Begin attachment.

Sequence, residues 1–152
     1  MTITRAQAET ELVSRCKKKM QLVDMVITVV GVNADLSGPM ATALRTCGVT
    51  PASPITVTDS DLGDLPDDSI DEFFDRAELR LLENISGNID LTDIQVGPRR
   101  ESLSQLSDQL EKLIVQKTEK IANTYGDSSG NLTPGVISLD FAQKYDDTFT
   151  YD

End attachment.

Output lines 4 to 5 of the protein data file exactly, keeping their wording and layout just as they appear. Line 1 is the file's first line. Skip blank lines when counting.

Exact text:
   101  ESLSQLSDQL EKLIVQKTEK IANTYGDSSG NLTPGVISLD FAQKYDDTFT
   151  YD